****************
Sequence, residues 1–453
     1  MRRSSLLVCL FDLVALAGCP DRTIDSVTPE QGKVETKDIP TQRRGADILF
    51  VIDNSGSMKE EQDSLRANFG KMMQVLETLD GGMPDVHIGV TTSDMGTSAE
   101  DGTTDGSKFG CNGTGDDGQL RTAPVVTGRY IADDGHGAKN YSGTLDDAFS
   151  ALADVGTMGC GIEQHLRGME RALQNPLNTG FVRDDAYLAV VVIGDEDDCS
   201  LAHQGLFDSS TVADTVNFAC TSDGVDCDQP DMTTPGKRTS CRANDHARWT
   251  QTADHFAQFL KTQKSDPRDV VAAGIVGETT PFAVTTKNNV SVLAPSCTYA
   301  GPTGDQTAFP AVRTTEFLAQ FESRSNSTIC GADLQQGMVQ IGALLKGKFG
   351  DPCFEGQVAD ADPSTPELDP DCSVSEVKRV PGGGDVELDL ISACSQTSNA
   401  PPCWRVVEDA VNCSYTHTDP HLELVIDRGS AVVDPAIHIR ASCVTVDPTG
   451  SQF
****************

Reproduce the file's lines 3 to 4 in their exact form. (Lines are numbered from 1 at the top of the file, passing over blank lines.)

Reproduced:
    51  VIDNSGSMKE EQDSLRANFG KMMQVLETLD GGMPDVHIGV TTSDMGTSAE
   101  DGTTDGSKFG CNGTGDDGQL RTAPVVTGRY IADDGHGAKN YSGTLDDAFS